[Concert Review]: @EllisAshbrook at Croton Reservoir Tavern-11/18/11
I had the pleasure of catching Brooklyn-based psychedelic prog rock/genre mashing band, Ellis Ashbrook about a month ago at the Croton Reservoir Tavern in Times Square. But I have to say that catching a show at the Croton Reservoir Tavern is admittedly a bit of a strange experience, and for a number of reasons: the first being that Midtown Manhattan crowds as a general rule don’t seem to be too into live music – other than Croton Reservoir Tavern, I can think of maybe one other bar in Midtown that I know of that has any live, original music. So in some way, live music is a bit of an afterthought.
In the case of the Croton, they had a small stage near a staircase and the bathroom/coat check. So throughout the entire set you had people walking back and forth, which was kind of annoying. And there was a sense during the first couple of songs that the crowd that was there wasn’t really expecting music or knew what to do with live music they weren’t familiar with at all. But by the fourth or fifth song, there was a sense that the crowd’s attention was entirely won over. Yes, there was a sense that the audience was mesmerized. After seeing them live, I can see why – they’re a tight unit playing a brand of music that isn’t heard very often these days. Sonically, their influences sound like a mix of a buzzing Dark Side of the Moon and Animals-era Pink Floyd, with bits of jazz fusion, Parliament Funkadelic funk (I’m thinking of a track like “Supergroovalisticprosifunkstication” off Mothership Connection) and New Wave. Much like the Phenomenal Handclap Band, their sound decidedly brings to mind the sounds of the 1970s; however unlike the Phenomenal Handclap Band, Ellis Ashbrook plays a more free-flowing improvised set. They also seem to lean much more towards the psychedelic rock and jazz more so than the funk in the way that PHB does. (There’s also a slight resemblance to Rubblebucket in the fact that the both Natalie Rowe and John Barber trade vocal work.)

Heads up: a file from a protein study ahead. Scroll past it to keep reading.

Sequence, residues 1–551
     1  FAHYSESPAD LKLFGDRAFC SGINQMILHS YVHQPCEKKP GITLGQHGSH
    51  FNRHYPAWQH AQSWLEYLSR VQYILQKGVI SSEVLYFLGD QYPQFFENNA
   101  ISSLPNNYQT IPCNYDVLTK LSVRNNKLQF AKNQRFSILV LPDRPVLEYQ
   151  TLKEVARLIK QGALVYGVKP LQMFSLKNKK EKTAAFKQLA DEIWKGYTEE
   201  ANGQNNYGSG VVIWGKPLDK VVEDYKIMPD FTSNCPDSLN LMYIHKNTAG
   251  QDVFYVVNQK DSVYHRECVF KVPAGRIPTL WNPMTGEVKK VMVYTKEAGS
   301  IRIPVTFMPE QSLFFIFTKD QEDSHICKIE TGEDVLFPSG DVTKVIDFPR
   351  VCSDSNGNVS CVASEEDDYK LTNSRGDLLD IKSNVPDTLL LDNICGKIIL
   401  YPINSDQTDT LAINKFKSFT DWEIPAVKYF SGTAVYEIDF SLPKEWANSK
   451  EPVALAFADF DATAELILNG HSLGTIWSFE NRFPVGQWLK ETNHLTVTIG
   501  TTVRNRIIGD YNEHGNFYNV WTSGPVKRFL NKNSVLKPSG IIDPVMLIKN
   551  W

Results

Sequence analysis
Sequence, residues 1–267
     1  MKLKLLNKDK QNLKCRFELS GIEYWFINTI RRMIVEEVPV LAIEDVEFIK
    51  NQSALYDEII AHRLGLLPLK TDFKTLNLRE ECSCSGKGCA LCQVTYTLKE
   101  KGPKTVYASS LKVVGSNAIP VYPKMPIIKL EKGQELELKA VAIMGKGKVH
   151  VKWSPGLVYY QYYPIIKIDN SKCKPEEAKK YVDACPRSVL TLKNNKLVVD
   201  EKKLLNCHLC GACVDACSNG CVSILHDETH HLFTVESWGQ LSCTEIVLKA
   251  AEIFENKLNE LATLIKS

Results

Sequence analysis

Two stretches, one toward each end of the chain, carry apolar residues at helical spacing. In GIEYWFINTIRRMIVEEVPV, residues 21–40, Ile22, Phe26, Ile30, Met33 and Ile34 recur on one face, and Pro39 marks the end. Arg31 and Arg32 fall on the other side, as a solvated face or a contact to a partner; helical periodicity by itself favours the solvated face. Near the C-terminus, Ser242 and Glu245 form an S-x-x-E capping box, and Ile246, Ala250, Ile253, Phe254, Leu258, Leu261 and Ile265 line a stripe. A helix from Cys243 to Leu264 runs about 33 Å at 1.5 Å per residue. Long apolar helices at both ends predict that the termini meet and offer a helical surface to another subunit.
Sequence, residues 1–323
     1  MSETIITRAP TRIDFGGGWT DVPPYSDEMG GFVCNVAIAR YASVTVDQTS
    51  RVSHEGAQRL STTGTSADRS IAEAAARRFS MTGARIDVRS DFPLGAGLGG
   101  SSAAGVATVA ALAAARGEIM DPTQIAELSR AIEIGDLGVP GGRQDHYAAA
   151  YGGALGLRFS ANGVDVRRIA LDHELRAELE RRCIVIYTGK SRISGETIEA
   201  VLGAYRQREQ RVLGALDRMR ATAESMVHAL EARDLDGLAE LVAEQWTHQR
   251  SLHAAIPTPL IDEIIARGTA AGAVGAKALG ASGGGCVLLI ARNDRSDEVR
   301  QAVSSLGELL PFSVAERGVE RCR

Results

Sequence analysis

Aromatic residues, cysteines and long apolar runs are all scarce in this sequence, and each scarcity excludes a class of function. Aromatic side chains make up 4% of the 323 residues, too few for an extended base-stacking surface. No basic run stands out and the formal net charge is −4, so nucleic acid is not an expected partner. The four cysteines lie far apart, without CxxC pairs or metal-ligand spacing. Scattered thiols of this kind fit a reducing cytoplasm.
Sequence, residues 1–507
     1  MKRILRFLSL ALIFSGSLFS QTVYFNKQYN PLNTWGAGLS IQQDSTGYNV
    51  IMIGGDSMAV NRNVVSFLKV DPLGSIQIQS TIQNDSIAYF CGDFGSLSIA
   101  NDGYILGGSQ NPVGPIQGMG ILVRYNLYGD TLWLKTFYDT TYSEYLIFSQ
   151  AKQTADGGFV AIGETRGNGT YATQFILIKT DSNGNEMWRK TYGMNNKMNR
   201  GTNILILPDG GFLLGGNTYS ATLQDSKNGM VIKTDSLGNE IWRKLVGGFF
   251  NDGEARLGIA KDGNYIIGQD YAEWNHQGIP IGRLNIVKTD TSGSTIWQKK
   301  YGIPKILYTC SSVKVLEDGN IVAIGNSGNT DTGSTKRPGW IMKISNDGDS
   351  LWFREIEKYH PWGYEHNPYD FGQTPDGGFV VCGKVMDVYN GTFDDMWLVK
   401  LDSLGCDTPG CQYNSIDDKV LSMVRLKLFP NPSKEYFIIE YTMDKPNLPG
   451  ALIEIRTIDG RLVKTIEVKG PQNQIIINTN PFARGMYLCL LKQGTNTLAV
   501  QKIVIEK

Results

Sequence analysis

I spoke to vocalist and keyboardist Natalie Rowe after their set and she told me that the band rarely has a prepared set list. In fact, the band plays as though they know each other so well that they seem to know what the other is thinking – and it shows.
Most of the material they played was from their excellent album Meridia and live they sounded pretty close to how they would sound on the album. After playing their album a number of times, there isn’t a track that I didn’t like, and I was glad to hear them live. I honestly found myself liking the album even more after catching them live. They managed to show their musical chops with an impressive cover of Led Zeppelin’s “The Ocean” and a drum solo from Alex Major that reminded of the great Ginger Baker, combining explosive power and musicality. Overall, they play a fun, energetic set and I think that I’ll be catching more of them in 2012. I was impressed by the sound and can’t wait to see what the future brings for such a talented group.
Source: Joy of Violent Movement’